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Elite multilingual academies serving EU staffers are severely overstretched. But many parents don’t want to move.
For generations of European Union officials, the top quality, free education laid on for their children in Brussels has been one of the most attractive perks of the job.
Now, a major reorganization being hammered out this week is causing alarm for thousands of families of EU staff. At stake is whether their children will be uprooted and potentially forced to travel several kilometers out of their way to a new campus in a less desirable part of the city.
“This will disrupt people’s lives,” said one parent who works in the European institutions. “That side of town is far away from everything.”
The problem for other parents is not just the distance to the proposed new school, which is due to open in 2028. The neighborhood of Neder-Over-Heembeek, in the north of the city, is poorer and more socially mixed than the green, affluent areas in the south of Brussels where most eurocrats live. Some parents have already dubbed the district “93” — a reference to the notorious Paris suburb known for its high crime, unemployment and decaying buildings.
In the longer term, undermining the glossy reputation of the schools could make it harder for the EU institutions to recruit good candidates from the bloc’s 27 member countries. According to a European Commission spokesperson, the network of EU schools in the city is a “key element of the attractiveness” of working in Brussels and a “necessity for the Commission to secure the best staff.”
The European schools were originally founded to provide the children of EU officials posted abroad with the same education they would receive in their home countries.
Inscribed on the walls of the schools is a vision of education in which students learn “side by side, untroubled from infancy by divisive prejudices.” There, they will grow to become “in mind Europeans,” in the ideals of the educators’ mission statement. Commission President Ursula von der Leyen is among those who were educated in these schools.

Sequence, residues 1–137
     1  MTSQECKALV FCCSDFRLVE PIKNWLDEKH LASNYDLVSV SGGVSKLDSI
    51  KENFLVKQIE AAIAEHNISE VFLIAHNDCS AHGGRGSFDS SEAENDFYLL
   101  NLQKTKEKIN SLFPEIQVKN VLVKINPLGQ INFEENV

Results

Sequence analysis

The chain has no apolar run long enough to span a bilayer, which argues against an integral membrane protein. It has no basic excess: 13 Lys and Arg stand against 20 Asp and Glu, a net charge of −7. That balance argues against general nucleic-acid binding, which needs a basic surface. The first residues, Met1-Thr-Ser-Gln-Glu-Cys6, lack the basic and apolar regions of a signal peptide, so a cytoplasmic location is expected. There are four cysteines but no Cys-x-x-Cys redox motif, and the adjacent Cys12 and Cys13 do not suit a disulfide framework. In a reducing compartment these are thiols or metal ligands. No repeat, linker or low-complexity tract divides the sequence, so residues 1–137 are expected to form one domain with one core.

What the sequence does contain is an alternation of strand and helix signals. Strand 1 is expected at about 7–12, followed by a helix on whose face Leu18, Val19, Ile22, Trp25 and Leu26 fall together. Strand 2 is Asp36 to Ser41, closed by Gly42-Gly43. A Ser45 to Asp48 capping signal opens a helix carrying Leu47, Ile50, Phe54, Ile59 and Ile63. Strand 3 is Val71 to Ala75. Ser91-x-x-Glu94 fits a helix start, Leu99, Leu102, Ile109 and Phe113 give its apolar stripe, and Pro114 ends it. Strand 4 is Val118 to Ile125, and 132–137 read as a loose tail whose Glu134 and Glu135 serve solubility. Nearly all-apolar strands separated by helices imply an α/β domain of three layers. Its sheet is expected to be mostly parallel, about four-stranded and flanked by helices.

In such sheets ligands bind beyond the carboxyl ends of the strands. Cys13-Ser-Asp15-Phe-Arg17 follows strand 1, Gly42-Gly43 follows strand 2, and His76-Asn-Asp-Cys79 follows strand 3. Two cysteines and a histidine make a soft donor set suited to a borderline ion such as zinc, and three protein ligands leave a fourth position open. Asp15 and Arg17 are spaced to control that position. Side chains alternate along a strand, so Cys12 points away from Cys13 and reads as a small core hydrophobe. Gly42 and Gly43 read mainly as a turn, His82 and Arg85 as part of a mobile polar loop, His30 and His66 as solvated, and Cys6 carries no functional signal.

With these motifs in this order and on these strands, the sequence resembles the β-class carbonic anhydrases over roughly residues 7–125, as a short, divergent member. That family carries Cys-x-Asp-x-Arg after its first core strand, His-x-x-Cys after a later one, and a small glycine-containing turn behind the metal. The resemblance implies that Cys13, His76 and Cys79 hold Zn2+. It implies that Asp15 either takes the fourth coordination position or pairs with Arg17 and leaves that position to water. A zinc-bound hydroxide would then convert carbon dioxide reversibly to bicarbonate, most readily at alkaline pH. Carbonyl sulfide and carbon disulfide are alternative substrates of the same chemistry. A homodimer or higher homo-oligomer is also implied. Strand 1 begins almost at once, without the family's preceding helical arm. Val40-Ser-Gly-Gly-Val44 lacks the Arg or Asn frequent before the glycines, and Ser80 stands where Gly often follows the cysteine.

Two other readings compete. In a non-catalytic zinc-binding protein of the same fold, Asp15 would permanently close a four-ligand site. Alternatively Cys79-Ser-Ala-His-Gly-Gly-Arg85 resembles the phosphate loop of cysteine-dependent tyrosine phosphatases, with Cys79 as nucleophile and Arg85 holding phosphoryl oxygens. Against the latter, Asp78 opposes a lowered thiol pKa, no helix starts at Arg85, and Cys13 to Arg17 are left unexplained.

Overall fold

The problem is, the system is now being stretched to a breaking point. There are currently four European schools serving the Brussels EU bubble, and they’re severely overcrowded. In the last decade, the number of pupils attending these schools has risen by almost 400 on average per year to 14,500 in total.
An analysis by PricewaterhouseCoopers, seen by POLITICO, showed the campus in Woluwe-Saint-Lambert, for example, hosts 800 students more than its infrastructure was planned for.
Student representatives of all four Brussels schools said the overcrowding has serious effects on their “safety, health and well-being,” citing the increase of mental health problems, and even physical injuries due to a lack of space. One teacher said the science lab was not available half the time because it was in so much demand.
Schools have come up with creative solutions. In some cases, staff have removed lockers to make space for indoor activities and used the school director’s office — meant for a maximum of eight people — as a classroom.
But, according to students and teachers, the situation can’t carry on much longer. “The system is unsustainable at the moment and it’s not safe,” said Dillon Shah, a student representative. “Its brilliant, multicultural, high quality of education is crumbling,” he said.
The options for reform are being discussed among stakeholders in a series of meetings this week. The key decision is over whether language teaching should be relocated from overcrowded campuses like Woluwe and Ixelles to the new school in the north and to the existing one in Evere, which still has room.
But when language teaching moves, children of those nationalities also have to move.
If different schools specialize in different languages, it would be more efficient and easier to recruit good teachers. But the risk would be that concentrating students speaking particular languages together would come at the expense of the multicultural spirit that has defined the schools for decades.
The stakeholders involved in the decision include the European Commission, EU member countries and others — but the parents themselves get no vote on the final plans.
“The fact that the students need to go from one site to the other has an impact [on the] well-being of children, it has an impact on families and also on the environment,” said Pere Moles Palleja, the president of Interparents, the umbrella organization of parents’ associations for all existing European schools.
For the head of the schools, Andreas Beckman, on the other hand, the new site in northern Brussels is a “great opportunity” to tackle some of the existing problems. But he also acknowledged that whatever decision is taken, it will likely disappoint some parents. “If the fifth school could have been somewhere a little bit more in the center, I think nobody would have complained,” Beckman said.
Not everyone is so diplomatic. One parent with a child in the German-speaking section said that others were behaving as if “having their kids drive half an hour across town every morning is the same as torture.”
The parent added that this is a “luxury problem” and that a lot of the families who are complaining about the new school are often also complaining about overcrowding. “You can’t have your cake and eat it.”
Aoife White and Eddy Wax contributed reporting.
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